Lifetime pet insurance
Learn about lifetime pet insurance policies, typically seen as the premium cover option for your animal.
- The premium pet cover option – at a premium price
- There should not be a time limit placed on treatment, but there may be a financial cap
- Cover will lapse if you don’t renew your policy
- All policies differ so read terms and conditions and beware of exclusions
What is a lifetime policy?
A lifetime policy is one of the four main categories of pet insurance.
It’s typically seen as the premium option, offering the most extensive cover for your pet – that privilege coming, of course, at a premium price.
In contrast, accident-only and time-limited policies are at the lower end of the pet insurance scale, while maximum benefit policies are a mid-range cover option.
As the name suggests, lifetime policies should give your pet protection for his or her lifetime, so long as the policy is renewed every year.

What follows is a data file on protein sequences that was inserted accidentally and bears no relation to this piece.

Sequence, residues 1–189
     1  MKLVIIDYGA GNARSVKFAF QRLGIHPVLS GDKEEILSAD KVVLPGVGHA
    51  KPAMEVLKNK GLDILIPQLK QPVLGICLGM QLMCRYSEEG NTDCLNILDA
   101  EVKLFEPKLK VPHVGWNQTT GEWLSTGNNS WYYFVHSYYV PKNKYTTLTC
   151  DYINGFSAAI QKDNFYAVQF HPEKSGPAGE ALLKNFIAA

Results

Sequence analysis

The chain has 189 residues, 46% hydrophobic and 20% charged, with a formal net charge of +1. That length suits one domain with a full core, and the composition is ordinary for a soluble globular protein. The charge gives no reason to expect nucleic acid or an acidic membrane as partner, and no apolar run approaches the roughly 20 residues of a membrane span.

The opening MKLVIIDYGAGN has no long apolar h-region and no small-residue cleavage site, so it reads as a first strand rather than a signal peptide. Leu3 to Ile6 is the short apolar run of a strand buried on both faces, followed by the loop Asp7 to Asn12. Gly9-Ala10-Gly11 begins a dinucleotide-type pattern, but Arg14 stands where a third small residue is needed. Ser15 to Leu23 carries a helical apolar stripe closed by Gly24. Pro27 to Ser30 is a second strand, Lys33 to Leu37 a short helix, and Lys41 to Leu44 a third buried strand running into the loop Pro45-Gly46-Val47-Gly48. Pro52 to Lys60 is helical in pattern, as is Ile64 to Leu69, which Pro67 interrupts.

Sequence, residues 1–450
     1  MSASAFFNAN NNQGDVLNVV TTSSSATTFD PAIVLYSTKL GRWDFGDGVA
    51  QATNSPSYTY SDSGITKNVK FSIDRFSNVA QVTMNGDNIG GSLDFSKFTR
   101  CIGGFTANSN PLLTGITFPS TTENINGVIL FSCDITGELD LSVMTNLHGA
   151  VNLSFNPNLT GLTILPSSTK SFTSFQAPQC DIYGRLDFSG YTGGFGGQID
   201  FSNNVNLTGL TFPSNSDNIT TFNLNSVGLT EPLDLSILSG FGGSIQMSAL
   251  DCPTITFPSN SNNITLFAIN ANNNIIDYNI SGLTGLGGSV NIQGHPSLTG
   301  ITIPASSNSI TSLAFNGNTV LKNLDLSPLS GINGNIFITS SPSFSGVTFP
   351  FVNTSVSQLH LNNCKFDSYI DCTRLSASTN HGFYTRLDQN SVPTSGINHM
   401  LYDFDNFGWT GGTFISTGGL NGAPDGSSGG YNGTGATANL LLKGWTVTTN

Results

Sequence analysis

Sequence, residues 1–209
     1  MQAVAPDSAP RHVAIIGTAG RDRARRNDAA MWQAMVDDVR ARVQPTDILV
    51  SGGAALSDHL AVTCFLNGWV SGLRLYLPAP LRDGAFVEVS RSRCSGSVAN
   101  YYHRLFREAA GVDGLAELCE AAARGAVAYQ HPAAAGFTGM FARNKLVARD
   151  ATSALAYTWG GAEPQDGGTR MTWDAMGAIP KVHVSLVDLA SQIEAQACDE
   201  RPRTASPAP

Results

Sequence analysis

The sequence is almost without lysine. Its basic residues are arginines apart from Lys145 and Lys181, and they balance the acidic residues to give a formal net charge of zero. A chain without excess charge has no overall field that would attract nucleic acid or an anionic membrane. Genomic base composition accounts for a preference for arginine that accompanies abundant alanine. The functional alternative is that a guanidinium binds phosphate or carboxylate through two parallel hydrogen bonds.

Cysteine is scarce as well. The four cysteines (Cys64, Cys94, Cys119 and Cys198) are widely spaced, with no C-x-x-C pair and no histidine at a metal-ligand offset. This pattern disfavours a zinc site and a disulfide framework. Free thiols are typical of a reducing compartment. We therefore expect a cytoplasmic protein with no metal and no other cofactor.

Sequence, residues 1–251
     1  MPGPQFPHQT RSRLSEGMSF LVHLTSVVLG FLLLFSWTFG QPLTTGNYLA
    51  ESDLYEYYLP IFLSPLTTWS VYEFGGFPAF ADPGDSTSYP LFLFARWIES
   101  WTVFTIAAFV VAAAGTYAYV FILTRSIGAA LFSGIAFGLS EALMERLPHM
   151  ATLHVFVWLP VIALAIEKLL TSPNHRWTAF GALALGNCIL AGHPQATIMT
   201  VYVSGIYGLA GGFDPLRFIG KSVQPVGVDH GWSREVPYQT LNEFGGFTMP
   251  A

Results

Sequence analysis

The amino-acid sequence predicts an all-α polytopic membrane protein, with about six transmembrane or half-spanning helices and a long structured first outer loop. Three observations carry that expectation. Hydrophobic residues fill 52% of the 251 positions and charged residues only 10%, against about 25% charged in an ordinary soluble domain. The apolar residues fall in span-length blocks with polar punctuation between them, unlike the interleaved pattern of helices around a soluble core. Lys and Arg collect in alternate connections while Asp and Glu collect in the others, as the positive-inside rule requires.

As opposed to time-limited policies, a cover-for-life option means that if your animal gets a certain condition, vet fees and treatment costs will be covered beyond the initial 12 months.
Are all lifetime policies the same?
Lifetime products will have different conditions depending on the policy and the provider you opt for.
Some insurers limit cover on a per-condition, per-year basis, meaning that you might only have a specified amount of cover for each condition in a year.
If this limit was set at, for example, £1,000, your policy would cover treatment each year up to this amount.
The following year the cover would then be renewed, for up to the same amount.
Other lifetime policies might limit payouts on a ‘per year’ basis.
If the maximum cover was £5,000, for example, this would have to cover every potential condition the animal could get, limiting the individual payout for each condition.
Some lifetime policies might be on a ‘per condition’ basis, which would give your furry friend cover up to a certain amount for every condition, regardless of the number of years over which the treatment is received.
Exclusions on ‘lifetime’ cover
Do make sure you read the small print because, despite their name, some lifetime policies will not actually cover your animal for its entire lifetime.
Some policies exclude older animals which, in the case of certain breeds, include dogs aged five or six.
So it’s best to double-check the terms your insurer provides, to make sure that lifetime cover is exactly that.
On the other hand, the cover might include ‘extras’ which you had not considered, things such as physiotherapy, hydrotherapy and special diets.